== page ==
Anticipating questions clients may have about outsourcing

Doing your homework will aid you in creating client trust.

Video transcript:

So many firms will have concerns about outsourcing and they are going to have questions to ask. The two primary concerns that we hear most often are, how are my clients going to react? And tell me about the security. Both are equally as important. What we find with the clients is with [Code Sec.] 7216 they need to understand that you are getting written consent. If somebody from outside of the U.S. borders is looking and working on my return, you need to let them know. This goes on across firms from Big Four down to sole practitioners and it’s been going on for over a decade. Letting them understand that this is very common practice, telling them, sending their consent out with your engagement letters, we find that most clients understand that you have done your homework, and therefore they become very comfortable because they trust you just as when you first started using computers and e-filing and all the other security elements within your practice. They trust you and therefore expect you that you’ve done your homework. That becomes number two is you need to do your homework and look at the security and look at the partners that you are working with. Ask them questions like have you had a SOC 2 [audit] done, have you looked at the security and the availability, it’s critical.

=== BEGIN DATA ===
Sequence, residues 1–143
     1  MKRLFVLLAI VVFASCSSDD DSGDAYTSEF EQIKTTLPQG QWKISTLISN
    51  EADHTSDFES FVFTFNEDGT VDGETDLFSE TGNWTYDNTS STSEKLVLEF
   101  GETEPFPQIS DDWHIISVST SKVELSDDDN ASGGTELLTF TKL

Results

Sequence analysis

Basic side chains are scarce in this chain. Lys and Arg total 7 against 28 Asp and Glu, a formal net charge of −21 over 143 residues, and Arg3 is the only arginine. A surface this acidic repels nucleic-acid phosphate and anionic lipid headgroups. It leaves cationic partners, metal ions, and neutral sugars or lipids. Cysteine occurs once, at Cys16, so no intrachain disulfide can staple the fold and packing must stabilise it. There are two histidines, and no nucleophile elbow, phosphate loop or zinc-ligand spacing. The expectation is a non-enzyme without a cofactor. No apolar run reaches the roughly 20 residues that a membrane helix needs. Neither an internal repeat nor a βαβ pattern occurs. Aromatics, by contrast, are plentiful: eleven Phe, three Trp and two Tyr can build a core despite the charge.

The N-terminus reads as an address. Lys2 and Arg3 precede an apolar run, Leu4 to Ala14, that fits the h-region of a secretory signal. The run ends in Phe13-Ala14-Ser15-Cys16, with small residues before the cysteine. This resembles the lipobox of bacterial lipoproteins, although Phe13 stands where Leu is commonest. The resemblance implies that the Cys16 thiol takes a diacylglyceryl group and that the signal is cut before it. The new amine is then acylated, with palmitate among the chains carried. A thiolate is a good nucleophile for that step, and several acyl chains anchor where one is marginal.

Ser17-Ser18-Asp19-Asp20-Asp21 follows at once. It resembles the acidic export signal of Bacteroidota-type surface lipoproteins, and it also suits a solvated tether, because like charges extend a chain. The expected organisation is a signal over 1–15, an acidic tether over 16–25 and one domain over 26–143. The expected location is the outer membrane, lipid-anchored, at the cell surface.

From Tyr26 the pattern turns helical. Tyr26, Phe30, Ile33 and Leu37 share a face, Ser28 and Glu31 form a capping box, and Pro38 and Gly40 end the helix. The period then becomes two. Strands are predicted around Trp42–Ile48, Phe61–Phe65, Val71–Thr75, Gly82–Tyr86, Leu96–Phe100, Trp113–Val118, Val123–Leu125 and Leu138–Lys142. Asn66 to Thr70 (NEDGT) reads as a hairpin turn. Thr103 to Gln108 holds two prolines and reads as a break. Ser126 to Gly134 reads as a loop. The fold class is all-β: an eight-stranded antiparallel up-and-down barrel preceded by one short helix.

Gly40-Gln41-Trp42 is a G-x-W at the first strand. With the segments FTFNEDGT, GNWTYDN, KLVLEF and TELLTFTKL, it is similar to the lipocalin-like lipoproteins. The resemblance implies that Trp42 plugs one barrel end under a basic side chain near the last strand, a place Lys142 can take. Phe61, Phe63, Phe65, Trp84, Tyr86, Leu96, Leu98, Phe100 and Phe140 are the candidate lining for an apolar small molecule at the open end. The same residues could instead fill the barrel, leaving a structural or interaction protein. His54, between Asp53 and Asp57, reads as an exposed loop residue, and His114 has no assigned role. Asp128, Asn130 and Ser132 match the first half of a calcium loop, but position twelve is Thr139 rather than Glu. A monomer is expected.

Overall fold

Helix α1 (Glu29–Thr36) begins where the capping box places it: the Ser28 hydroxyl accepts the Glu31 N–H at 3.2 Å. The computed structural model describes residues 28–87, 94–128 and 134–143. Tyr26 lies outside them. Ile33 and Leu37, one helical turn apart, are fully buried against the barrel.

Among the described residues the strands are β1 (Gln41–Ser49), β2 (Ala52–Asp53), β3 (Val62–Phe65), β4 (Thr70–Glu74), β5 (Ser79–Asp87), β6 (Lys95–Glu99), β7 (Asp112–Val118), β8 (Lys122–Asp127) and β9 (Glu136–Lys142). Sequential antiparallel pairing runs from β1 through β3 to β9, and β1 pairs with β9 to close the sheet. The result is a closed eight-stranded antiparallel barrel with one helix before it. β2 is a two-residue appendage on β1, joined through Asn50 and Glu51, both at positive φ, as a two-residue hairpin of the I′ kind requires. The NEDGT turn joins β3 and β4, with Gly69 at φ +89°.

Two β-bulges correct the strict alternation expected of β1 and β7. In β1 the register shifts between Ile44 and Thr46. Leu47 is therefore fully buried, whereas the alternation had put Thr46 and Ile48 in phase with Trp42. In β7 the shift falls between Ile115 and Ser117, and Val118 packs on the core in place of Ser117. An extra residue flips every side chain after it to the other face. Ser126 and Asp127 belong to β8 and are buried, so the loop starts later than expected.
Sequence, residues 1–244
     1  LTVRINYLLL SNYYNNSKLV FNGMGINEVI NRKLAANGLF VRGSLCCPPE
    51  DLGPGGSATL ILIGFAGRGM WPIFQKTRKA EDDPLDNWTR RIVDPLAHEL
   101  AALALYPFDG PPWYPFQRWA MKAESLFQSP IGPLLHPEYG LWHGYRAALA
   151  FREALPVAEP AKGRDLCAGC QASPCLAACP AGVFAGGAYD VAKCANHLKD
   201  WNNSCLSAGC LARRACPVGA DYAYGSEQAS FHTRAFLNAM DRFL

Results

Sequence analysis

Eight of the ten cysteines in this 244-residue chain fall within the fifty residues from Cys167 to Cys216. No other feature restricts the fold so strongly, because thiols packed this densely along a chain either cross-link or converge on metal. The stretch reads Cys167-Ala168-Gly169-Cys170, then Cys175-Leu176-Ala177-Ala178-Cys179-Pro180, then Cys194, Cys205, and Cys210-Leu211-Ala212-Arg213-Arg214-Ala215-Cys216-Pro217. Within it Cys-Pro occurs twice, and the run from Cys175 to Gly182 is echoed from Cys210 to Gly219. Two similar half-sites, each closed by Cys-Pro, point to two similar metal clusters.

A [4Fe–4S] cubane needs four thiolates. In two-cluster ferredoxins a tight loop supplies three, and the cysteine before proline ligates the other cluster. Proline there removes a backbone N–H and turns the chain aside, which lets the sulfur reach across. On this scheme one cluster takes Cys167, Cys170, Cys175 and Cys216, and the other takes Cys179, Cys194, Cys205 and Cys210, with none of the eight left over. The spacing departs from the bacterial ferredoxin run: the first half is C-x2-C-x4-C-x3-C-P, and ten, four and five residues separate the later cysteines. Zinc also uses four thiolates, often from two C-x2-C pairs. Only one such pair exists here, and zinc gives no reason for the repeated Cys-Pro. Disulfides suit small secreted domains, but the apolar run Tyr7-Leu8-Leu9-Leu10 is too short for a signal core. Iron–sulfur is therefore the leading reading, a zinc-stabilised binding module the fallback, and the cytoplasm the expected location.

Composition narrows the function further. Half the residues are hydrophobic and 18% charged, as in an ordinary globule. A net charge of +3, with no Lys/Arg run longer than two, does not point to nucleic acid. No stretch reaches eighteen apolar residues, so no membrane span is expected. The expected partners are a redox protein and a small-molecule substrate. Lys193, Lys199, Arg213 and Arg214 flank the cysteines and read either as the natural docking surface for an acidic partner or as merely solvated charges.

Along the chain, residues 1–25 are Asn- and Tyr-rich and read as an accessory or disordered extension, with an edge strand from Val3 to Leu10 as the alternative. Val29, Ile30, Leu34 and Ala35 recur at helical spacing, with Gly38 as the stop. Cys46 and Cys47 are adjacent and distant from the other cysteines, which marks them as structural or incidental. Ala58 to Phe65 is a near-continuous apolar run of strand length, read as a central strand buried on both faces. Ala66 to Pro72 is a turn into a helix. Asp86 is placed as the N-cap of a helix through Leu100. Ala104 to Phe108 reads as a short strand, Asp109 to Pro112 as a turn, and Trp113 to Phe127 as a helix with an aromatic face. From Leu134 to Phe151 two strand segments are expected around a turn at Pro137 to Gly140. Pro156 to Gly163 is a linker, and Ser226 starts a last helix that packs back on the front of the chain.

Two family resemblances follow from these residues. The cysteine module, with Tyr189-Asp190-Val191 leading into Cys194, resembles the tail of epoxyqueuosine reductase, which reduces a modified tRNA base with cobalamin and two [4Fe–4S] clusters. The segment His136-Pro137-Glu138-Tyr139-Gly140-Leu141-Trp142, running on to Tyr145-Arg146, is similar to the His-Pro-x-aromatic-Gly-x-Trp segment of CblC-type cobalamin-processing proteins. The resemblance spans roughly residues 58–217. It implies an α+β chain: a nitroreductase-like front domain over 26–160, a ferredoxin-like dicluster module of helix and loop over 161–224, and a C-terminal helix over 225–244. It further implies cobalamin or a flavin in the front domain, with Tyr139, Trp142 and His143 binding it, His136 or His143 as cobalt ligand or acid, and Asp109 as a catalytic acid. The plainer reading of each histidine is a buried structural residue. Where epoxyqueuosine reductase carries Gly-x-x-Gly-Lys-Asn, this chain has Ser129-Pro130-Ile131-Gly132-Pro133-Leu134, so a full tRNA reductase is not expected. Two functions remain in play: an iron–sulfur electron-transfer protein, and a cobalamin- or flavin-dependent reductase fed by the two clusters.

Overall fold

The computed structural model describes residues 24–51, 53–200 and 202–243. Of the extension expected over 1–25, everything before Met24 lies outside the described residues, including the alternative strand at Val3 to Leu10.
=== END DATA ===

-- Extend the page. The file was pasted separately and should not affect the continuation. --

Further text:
Nobody can sit here and say that security is always going to be 100%. What you need to look at is, am I increasing or decreasing my risk? Look at the controls within your firm today. Most firms put a lot of emphasis on their internal controls on their security; expect the same out of your provider. Quite often, it exceeds what firms will have today because they have to. You are living in a completely digital world. You have your data at a collocation facility 24x7 monitoring, all the latest monitoring techniques because that’s what’s required just like it is with your tax software providers, your engagement software providers. Expect that, do your homework, ask the questions, and quite often you will find that the security is as good if not greater and quite often you are decreasing risk, not increasing it.

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